• The growth in the average income of the top five percent of New York’s families relative to the poorest fifth was even more disturbing. While in the 1970s the top five percent enjoyed 11.8 times the income of the poorest fifth, by the late 1990s their average income was 25 times the average income of the poorest families.

Not only the poorest New Yorkers have seen their incomes fall. In fact, during the 1990s, only the top fifth of New York families saw an increase in their average incomes after adjusting for inflation. The average real income of this quintile grew by 15% from the late 1980s to the 1996-98 period. Over this same period of time, the other four quintiles all saw their average incomes decline.

  • The average income of middle income families grew slightly (3.8%) over the past 18 years but all of this growth took place in the period between the late 1970s and the late 1980s. Since the late 1980s the average income of the middle group actually fell from $50,230 to $46,760, a decline of almost seven percent.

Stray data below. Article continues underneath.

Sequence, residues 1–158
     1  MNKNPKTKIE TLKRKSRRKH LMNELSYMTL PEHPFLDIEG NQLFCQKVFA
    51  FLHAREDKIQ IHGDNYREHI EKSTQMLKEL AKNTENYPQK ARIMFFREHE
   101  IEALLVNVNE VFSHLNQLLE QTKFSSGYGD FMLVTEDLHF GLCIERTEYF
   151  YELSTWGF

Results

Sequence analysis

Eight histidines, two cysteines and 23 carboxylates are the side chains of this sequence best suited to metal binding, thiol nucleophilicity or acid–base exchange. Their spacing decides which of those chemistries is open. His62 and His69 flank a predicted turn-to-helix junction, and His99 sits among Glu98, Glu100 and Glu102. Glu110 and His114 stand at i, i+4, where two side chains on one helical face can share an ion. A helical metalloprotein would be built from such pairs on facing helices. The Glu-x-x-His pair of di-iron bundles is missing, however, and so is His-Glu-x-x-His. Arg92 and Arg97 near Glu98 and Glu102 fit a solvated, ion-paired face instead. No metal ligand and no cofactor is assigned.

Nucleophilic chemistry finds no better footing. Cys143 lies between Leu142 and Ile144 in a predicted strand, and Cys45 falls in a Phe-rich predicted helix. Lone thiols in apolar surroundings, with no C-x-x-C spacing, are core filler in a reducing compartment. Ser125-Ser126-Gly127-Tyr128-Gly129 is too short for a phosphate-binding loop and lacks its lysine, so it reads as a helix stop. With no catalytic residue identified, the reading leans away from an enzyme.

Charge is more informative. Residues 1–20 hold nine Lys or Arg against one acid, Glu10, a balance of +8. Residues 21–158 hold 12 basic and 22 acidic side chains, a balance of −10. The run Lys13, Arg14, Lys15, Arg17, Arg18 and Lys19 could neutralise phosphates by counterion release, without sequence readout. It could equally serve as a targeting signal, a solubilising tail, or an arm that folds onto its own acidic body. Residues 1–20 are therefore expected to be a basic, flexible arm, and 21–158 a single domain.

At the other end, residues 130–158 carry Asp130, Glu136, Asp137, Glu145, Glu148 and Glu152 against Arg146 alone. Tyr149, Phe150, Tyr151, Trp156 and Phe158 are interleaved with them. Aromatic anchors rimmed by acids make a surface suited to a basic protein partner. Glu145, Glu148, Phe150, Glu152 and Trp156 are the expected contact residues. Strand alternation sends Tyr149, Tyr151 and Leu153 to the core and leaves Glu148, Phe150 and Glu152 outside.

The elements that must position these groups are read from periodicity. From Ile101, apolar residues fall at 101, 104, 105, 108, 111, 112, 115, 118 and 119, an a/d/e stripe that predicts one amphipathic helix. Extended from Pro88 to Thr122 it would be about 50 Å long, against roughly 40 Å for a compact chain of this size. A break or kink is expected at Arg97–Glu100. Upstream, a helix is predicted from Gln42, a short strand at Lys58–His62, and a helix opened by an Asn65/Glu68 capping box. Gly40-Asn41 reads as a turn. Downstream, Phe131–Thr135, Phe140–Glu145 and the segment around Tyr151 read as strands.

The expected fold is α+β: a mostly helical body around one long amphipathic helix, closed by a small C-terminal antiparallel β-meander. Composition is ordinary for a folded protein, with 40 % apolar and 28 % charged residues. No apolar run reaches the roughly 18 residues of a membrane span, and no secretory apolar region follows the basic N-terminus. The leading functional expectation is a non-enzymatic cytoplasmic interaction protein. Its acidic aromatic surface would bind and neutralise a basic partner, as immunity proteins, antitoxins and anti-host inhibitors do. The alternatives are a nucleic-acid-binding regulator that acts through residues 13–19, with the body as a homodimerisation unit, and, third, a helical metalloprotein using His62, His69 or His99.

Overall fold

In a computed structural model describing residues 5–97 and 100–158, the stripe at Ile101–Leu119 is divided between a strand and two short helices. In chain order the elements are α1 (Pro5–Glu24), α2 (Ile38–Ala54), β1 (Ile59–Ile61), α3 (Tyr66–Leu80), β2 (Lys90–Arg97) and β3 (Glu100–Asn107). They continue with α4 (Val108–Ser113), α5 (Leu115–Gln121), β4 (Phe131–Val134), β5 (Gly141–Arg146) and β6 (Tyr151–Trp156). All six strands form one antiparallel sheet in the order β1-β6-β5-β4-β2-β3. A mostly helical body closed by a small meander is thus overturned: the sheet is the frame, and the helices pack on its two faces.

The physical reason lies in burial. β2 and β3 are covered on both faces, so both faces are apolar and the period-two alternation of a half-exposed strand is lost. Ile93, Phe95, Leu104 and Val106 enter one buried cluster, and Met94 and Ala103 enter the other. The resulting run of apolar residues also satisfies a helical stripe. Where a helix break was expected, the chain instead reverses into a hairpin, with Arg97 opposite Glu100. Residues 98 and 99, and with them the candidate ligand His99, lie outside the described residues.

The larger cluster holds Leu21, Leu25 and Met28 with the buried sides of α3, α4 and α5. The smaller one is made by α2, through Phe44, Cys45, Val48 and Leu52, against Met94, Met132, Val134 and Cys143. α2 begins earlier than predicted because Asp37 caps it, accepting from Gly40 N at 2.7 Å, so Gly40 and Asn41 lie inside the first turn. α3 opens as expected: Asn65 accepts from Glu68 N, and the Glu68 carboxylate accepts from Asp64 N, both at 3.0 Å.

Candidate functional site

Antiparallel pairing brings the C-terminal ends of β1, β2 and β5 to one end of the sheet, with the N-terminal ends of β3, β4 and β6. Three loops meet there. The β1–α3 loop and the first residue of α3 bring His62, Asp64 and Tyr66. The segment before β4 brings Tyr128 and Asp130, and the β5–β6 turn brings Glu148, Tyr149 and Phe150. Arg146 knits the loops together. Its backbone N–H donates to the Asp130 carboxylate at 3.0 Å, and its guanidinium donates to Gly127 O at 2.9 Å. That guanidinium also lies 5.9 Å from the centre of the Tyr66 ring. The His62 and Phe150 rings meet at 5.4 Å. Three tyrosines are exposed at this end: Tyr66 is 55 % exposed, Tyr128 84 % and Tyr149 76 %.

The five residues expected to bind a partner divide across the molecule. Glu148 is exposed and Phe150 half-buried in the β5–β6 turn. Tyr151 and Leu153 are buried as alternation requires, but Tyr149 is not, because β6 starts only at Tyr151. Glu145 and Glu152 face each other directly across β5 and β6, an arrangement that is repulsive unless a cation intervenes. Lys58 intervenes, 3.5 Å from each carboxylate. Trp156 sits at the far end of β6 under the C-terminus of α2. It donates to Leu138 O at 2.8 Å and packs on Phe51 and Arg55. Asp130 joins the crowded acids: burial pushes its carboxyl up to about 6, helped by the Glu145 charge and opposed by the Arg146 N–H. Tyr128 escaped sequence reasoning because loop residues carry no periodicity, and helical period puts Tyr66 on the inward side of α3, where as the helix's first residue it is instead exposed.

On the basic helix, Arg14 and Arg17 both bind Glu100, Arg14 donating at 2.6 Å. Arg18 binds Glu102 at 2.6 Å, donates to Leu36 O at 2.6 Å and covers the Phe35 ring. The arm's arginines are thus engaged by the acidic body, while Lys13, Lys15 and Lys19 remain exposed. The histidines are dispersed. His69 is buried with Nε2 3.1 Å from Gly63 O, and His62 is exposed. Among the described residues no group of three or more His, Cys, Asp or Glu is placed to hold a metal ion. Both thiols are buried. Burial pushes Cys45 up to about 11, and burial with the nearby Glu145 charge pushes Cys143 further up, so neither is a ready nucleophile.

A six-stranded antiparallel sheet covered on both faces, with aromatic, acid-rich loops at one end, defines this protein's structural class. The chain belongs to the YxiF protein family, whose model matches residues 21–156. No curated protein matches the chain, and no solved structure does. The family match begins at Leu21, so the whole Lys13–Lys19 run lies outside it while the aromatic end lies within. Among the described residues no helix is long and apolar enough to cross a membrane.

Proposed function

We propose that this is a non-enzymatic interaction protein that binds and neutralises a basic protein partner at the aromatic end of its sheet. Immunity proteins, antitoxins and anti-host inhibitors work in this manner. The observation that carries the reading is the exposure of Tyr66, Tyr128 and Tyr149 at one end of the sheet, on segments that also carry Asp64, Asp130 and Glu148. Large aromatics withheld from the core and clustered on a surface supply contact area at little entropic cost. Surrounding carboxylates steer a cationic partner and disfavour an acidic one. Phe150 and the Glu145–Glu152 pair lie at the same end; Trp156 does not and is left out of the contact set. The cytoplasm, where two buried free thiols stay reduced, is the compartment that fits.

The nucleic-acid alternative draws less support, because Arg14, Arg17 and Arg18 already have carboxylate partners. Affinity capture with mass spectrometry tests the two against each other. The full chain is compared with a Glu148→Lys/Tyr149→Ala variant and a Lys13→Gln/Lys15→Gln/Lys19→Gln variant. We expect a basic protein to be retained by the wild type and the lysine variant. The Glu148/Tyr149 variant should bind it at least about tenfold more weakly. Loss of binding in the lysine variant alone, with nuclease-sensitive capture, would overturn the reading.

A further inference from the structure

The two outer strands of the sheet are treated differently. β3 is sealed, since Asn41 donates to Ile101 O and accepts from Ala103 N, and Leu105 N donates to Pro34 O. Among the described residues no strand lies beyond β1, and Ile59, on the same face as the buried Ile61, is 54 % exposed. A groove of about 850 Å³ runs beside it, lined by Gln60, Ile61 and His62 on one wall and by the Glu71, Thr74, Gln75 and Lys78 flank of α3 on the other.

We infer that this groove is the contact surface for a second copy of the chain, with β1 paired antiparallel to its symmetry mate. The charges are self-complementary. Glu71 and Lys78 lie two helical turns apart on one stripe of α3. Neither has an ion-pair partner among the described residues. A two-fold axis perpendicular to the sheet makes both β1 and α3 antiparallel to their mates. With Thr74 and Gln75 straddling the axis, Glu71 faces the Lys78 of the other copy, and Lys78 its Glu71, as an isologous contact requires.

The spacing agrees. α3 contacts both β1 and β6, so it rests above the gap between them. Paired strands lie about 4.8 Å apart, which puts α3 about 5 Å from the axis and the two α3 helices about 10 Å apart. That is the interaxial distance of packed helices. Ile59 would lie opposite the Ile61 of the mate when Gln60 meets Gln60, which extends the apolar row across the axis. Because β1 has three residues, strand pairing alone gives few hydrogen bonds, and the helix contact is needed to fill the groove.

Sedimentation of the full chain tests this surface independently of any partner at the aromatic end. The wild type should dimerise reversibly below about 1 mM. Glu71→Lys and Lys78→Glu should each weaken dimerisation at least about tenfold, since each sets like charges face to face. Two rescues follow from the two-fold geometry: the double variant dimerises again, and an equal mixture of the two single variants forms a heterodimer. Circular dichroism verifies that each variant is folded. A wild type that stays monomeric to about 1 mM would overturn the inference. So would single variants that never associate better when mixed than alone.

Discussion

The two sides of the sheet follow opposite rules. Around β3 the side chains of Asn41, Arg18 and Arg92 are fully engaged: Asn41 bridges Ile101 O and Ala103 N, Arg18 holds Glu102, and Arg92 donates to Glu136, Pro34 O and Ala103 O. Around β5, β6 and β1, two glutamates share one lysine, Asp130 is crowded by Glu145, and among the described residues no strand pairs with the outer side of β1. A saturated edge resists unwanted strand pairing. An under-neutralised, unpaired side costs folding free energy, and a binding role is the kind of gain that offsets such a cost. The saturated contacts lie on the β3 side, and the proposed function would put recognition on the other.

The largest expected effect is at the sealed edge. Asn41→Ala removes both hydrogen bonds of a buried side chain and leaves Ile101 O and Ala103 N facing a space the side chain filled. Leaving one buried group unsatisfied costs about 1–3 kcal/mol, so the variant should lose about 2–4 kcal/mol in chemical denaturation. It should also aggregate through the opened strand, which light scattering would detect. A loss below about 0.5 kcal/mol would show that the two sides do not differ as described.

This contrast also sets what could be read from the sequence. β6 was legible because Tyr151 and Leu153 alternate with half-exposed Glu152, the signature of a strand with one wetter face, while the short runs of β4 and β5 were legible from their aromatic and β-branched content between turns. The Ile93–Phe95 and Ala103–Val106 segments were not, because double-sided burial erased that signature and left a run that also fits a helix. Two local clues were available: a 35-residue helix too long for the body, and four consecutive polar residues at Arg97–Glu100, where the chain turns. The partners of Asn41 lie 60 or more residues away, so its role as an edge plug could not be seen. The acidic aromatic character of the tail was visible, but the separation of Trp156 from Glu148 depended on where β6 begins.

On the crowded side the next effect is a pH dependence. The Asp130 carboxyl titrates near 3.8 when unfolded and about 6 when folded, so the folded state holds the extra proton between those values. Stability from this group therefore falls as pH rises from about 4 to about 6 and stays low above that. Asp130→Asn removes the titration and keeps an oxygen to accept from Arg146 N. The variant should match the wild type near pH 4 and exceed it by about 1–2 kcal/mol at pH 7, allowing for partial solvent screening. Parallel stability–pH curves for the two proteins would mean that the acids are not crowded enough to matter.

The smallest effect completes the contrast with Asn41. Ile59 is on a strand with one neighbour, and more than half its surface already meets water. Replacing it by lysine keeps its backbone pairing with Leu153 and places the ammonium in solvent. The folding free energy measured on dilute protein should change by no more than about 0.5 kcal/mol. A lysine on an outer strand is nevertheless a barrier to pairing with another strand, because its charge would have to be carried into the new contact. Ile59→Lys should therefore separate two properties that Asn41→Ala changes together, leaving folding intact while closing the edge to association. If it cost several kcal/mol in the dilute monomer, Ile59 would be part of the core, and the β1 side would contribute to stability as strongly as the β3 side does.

• The ratio of the average income of the richest fifth of New York families to the average income of the middle fifth is also worsening — from 2.4 to 1 in the late 1970s to 3.3 to 1 in the late 1990s. This 37% increase was greater than the increase in all but four states.
  • The ratio of the average income of the richest five percent of families to the average income of the middle 20% of families has also grown steadily from 3.6 to 1 in the late 1970s to 5.8 to 1 in the late 1990s . New York experienced a bigger increase in this ratio over the period than any of the other ten large states with samples large enough to calculate this ratio.

New York City metro area inequality is growing even faster.